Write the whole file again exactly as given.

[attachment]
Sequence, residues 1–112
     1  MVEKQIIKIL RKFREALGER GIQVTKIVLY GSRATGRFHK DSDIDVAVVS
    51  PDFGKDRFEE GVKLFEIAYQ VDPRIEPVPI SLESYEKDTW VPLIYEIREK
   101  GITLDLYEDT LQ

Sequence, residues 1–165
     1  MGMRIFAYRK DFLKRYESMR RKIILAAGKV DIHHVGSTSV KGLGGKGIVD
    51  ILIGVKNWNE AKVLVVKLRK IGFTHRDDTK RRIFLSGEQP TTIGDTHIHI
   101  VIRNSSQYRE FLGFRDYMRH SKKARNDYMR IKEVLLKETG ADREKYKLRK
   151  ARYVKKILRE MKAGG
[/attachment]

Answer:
Sequence, residues 1–112
     1  MVEKQIIKIL RKFREALGER GIQVTKIVLY GSRATGRFHK DSDIDVAVVS
    51  PDFGKDRFEE GVKLFEIAYQ VDPRIEPVPI SLESYEKDTW VPLIYEIREK
   101  GITLDLYEDT LQ

Sequence, residues 1–165
     1  MGMRIFAYRK DFLKRYESMR RKIILAAGKV DIHHVGSTSV KGLGGKGIVD
    51  ILIGVKNWNE AKVLVVKLRK IGFTHRDDTK RRIFLSGEQP TTIGDTHIHI
   101  VIRNSSQYRE FLGFRDYMRH SKKARNDYMR IKEVLLKETG ADREKYKLRK
   151  ARYVKKILRE MKAGG